5. Push the changes. This creates a URL on the cluster.

    $ odo push
  6. List the URLs to check the desired URL for the component.

    $ odo url list
  7. View your deployed application using the generated URL.

    $ curl <url>

2.5.4. Creating and deploying devfile components to the disconnected cluster

2.5.4.1. Creating a NodeJS application by using a devfile in a disconnected cluster

Warning

This procedure is using external dependencies such as nodejs-ex.git application that are not maintained by Red Hat. These dependencies are not maintained with the documentation and their functionality cannot be guaranteed.

Prerequisites

  • You have created and logged into a disconnected cluster.
  • You have added raw.githubusercontent.com, registry.access.redhat.com, and registry.npmjs.org URLs in your proxy.

Procedure

  1. Define your NodeJS application in a devfile:

    Example of a devfile

    schemaVersion: 2.0.0
    metadata:
    name: nodejs
    starterProjects:
    - name: nodejs-starter
      git:
        remotes:
          origin: "https://github.com/odo-devfiles/nodejs-ex.git"
    components:
    - name: runtime
      container:
        image: registry.access.redhat.com/ubi8/nodejs-12:1-36
        memoryLimit: 1024Mi
        endpoints:
          - name: "3000/tcp"
            targetPort: 3000
        env:
          - name: HTTP_PROXY
            value: http://<proxy-host>:<proxy-port>
          - name: HTTPS_PROXY
            value: http://<proxy-host>:<proxy-port>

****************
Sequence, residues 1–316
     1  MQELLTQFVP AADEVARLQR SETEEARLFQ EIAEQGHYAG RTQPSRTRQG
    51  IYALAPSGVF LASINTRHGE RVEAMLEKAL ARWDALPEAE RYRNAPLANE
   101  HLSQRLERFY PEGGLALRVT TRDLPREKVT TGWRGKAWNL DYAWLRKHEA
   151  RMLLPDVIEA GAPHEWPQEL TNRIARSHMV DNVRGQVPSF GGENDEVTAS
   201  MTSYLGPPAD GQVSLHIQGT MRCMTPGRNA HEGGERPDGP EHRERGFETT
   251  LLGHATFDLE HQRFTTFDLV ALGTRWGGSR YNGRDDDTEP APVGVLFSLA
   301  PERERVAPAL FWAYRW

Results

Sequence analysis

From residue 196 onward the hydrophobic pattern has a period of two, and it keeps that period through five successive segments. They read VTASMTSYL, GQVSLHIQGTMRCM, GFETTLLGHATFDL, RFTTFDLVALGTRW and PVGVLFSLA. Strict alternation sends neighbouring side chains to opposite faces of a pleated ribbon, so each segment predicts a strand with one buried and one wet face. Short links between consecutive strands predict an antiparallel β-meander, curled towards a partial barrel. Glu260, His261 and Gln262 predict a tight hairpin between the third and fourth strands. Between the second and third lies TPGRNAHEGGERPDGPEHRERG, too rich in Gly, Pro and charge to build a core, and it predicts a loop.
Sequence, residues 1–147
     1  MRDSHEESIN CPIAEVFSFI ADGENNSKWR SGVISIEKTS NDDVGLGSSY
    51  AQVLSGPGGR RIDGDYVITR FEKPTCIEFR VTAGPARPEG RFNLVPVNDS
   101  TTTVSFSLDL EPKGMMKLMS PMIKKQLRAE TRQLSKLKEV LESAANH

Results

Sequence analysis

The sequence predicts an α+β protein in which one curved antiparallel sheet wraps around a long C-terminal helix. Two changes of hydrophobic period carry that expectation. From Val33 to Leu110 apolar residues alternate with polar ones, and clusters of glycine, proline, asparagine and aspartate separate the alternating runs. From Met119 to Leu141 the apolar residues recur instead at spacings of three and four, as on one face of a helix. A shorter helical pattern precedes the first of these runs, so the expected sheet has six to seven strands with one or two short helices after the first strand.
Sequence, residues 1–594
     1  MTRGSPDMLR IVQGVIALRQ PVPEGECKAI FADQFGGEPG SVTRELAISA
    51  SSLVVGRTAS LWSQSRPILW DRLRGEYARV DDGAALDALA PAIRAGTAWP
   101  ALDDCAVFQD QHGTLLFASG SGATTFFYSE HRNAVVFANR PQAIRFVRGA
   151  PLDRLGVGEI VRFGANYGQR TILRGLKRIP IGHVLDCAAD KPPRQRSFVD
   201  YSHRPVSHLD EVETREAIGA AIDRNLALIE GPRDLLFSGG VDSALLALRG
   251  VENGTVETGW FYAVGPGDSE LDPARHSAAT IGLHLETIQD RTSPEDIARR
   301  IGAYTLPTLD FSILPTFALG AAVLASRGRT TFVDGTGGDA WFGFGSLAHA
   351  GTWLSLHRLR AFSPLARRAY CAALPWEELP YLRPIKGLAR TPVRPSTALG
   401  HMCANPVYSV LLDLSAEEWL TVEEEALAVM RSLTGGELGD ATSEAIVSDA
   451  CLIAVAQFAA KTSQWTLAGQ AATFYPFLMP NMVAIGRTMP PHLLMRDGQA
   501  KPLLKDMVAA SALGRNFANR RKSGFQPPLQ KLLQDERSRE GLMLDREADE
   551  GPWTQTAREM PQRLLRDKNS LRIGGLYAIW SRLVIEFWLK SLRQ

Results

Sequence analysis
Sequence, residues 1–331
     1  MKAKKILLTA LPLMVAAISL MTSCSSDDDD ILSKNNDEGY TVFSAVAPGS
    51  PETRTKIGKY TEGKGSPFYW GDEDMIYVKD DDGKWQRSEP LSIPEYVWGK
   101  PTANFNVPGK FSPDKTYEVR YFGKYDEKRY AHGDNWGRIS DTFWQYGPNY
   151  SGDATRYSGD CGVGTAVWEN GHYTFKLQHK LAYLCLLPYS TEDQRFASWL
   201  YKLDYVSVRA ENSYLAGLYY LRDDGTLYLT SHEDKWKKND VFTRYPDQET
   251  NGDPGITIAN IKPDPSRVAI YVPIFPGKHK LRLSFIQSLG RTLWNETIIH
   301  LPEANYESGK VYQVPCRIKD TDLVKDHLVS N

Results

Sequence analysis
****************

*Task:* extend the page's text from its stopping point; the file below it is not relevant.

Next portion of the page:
mountSources: true
    commands:
    - id: devbuild
      exec:
        component: runtime
        commandLine: npm install
        workingDir: ${PROJECTS_ROOT}
        group:
          kind: build
          isDefault: true
    - id: build
      exec:
        component: runtime
        commandLine: npm install
        workingDir: ${PROJECTS_ROOT}
        group:
          kind: build
    - id: devrun
      exec:
        component: runtime
        commandLine: npm start
        workingDir: ${PROJECTS_ROOT}
        group:
          kind: run
          isDefault: true
    - id: run
      exec:
        component: runtime
        commandLine: npm start
        workingDir: ${PROJECTS_ROOT}
        group:
          kind: run

  2. Create the application and push the changes to the cluster:

    $ odo create nodejs --devfile <path-to-your-devfile> --starter $$ odo push

    Example output

    [...]
    Pushing devfile component nodejs
     ✓  Changes successfully pushed to component

  3. Create a URL to access your application and push it to the cluster:

    $ odo url create url1 --port 3000 --host example.com --ingress && odo push

    Example output

    Validation
     ✓  Validating the devfile [145374ns]
    
    Creating Kubernetes resources for component nodejs
     ✓  Waiting for component to start [14s]
    
    Applying URL changes